Former Cape ANC leader warns of factionalism ahead of election
Written by Yazeed Kamaldien
Internal factionalism would keep the Western Cape out of the ANC’s reach, warned its former provincial chairman as elections for the party’s new local leaders approach.
Ebrahim Rasool, also a former Western Cape premier, said this week in Cape Town that when he left the province the local ANC had “unraveled”.
In 2008, Rasool was fired from his post as Western Cape premier and current public enterprises minister Lynne Brown was tasked with running the province.
The ANC subsequently lost governance of the province to the Democratic Alliance in the 2009 national election.
Rasool was swiftly appointed as South African ambassador to the United States and ended his term in February this year.
Rasool is currently a scholar at Georgetown University in Washington, US, where he is focused on academic research and writing. He is back in his home city, Cape Town, for the Islamic month of fasting, Ramadaan.
Rasool said he was keeping an eye on local politics though, but not with an interest of returning to any political role in the province.
“One remains interested in what happens. Sometimes for selfish reasons, whether the legacy issues that we started will be maintained. Other times because of the people involved,” said Rasool.
“There’s no real political fervor behind watching it. I’ve resisted calls to join the fray because I’ve learned never to look back. I’ve had a great period in the Western Cape.”
Rasool said new leaders in the province would need to follow a “simple premise”.
“We were able to find a formula to bind all the different factions and interests in the ANC. It unraveled towards the end of my time here,” he said.
“That’s probably what they are dealing with. The simple truth is that for governing the Western Cape the ANC must be united.”
Rasool was at loggerheads shortly before his departure with his comrades, most notably Max Ozinsky, who had played a leading role in his election as premier.
Ozinsky had led a public campaign against Rasool, alleging the former premier bribed newspaper and radio journalists, with cash from the provincial government’s purse, to report favourably on the ANC.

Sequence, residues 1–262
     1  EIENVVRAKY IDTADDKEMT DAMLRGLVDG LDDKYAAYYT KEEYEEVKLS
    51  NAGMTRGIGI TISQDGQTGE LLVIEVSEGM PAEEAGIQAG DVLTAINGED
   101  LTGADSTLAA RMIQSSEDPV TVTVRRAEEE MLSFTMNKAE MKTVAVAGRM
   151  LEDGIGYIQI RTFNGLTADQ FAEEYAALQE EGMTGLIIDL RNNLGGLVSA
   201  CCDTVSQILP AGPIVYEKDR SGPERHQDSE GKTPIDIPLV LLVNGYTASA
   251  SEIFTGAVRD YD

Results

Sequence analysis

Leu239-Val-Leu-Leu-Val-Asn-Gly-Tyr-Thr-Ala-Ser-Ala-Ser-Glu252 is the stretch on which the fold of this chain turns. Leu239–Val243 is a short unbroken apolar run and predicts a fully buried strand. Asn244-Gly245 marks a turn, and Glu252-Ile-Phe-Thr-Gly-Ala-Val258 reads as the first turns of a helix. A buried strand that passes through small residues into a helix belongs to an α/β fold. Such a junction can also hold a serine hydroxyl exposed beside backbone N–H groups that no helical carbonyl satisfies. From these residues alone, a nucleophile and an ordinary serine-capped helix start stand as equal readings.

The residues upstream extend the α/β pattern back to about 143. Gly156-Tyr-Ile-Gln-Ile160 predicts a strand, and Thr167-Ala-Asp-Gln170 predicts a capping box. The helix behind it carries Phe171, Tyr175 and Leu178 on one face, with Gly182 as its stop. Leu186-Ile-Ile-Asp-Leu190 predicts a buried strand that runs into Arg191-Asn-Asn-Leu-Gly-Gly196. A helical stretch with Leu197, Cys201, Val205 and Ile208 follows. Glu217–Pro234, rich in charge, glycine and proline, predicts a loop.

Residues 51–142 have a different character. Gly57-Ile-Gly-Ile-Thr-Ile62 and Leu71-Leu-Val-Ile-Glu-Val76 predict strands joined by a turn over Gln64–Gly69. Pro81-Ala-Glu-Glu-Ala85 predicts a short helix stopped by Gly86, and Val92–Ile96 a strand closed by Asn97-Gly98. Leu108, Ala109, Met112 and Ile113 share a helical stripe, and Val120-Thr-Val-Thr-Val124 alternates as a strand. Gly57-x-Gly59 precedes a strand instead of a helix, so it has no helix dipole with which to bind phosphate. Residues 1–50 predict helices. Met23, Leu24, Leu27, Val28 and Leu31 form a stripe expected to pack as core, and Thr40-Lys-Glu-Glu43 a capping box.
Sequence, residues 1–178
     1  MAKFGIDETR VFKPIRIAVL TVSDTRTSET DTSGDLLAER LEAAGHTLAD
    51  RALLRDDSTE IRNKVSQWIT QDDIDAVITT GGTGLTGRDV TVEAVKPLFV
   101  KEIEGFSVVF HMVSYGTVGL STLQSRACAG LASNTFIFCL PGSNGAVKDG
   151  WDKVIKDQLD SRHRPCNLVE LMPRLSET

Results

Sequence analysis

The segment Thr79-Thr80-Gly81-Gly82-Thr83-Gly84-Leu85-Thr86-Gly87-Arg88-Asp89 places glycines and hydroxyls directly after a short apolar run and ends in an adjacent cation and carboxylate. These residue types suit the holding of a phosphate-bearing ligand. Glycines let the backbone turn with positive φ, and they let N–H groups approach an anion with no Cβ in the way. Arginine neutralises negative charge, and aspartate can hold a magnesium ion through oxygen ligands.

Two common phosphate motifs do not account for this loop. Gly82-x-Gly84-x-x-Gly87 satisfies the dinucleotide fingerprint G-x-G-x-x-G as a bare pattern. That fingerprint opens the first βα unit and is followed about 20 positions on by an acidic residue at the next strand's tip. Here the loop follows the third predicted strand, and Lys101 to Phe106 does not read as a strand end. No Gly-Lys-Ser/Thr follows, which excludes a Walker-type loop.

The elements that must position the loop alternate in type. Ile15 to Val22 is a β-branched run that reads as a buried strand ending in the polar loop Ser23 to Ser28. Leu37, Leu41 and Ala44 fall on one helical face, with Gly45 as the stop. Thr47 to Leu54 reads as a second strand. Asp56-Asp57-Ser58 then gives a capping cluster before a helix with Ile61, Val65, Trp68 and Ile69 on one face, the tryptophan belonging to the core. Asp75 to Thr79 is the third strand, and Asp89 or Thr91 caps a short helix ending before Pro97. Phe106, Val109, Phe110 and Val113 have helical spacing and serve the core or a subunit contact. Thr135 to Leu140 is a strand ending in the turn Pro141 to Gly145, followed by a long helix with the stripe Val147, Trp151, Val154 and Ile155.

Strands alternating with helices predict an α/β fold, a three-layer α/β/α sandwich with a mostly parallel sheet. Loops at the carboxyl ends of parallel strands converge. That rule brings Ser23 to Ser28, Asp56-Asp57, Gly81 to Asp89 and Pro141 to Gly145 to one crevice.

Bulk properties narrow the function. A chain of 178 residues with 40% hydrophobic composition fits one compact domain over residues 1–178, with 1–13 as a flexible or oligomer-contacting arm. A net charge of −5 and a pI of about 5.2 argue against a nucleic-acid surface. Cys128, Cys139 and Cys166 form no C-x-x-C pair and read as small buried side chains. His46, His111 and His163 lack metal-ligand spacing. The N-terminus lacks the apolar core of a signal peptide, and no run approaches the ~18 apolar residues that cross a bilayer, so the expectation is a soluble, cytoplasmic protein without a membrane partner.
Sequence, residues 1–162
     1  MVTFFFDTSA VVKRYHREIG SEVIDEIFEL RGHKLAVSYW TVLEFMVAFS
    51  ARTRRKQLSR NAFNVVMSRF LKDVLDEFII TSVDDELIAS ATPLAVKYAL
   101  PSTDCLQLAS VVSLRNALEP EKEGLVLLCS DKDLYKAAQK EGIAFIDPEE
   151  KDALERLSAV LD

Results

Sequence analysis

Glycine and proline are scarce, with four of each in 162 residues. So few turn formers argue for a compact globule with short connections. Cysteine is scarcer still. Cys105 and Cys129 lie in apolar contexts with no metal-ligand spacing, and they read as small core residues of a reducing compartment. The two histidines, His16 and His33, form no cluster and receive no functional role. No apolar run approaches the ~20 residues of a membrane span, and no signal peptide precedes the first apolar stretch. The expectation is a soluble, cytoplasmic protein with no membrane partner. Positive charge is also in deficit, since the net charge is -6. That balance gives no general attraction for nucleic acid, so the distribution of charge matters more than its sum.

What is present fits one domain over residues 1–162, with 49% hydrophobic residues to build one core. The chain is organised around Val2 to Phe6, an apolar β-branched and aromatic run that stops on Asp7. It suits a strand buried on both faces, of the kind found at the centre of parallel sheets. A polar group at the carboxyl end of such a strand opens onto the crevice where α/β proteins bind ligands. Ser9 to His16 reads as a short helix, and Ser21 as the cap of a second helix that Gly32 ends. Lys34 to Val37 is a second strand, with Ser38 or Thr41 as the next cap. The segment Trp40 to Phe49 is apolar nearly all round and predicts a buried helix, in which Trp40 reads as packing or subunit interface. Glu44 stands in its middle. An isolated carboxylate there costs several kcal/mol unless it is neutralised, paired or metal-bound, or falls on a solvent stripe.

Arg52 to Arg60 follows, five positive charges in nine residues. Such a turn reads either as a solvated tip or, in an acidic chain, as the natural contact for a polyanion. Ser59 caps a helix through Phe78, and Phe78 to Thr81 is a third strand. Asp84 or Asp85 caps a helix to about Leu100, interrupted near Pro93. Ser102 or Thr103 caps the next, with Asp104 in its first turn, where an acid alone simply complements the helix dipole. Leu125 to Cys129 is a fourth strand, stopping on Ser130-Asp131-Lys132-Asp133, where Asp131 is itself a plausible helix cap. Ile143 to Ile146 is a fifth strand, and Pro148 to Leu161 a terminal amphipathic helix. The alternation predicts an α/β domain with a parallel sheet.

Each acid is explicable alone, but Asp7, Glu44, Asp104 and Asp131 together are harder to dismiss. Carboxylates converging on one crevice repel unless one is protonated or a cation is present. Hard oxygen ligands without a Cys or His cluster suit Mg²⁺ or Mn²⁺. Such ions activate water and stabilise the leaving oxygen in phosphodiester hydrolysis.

Journalists who had been implicated lost their jobs, and the ANC shifted Rasool out of the province. Ozinsky, who has held senior ANC provincial positions, along with Rasool were temporarily suspended from the party for making their dispute public.
Rasool said he was still keen on pursuing political ambitions once settling back home.
“I’m not finished with South African politics,” he said.
“But I’m enjoying a reflective moment in my life where I can make sense of what I believe, think and what I’ve said. And really see if there’s a meaningful space for what I’ve learned.”
Rasool said his role as a politician has meanwhile broadened. He was the guest speaker this week at the launch of the book, The African Renaissance and the Afro-Arab Spring, at the city-based Institute for Justice and Reconciliation.
“There is now a sense of being appreciated globally as well. Just last week I was meeting with people from Bahrain. I’ve been involved in preparing for the elections in Haiti,” said Rasool.
“I’ve spent three days with commanders from the various anti-Assad Syrian forces to find if there is a political solution.
“You could not have experienced a transition led by Neslon Mandela and not have internalised some of the lessons. It has made me invited across the world.”
Current provincial ANC chairman Marius Fransman last weekend confirmed the party would elect new provincial leaders at a conference from June 26 to 28 at the Cape Town International Convention Centre (CTICC).
Fransman said they were still battling factionalism and bribes from businessmen who wanted to benefit from elected officials in various municipalities.
Fransman and his team were appointed in 2011 to iron out the Western Cape ANC’s internal issues, following a tumultuous period that included reshuffling the provincial leadership and losing the province to the DA.